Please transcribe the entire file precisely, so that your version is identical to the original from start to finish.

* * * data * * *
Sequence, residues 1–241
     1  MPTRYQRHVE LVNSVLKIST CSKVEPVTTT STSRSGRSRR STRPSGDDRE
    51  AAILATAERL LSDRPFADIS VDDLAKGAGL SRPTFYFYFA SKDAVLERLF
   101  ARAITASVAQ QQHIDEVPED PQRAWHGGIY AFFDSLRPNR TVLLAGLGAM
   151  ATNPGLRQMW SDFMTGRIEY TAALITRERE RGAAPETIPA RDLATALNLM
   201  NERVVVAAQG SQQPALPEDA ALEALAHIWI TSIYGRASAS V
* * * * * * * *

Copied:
Sequence, residues 1–241
     1  MPTRYQRHVE LVNSVLKIST CSKVEPVTTT STSRSGRSRR STRPSGDDRE
    51  AAILATAERL LSDRPFADIS VDDLAKGAGL SRPTFYFYFA SKDAVLERLF
   101  ARAITASVAQ QQHIDEVPED PQRAWHGGIY AFFDSLRPNR TVLLAGLGAM
   151  ATNPGLRQMW SDFMTGRIEY TAALITRERE RGAAPETIPA RDLATALNLM
   201  NERVVVAAQG SQQPALPEDA ALEALAHIWI TSIYGRASAS V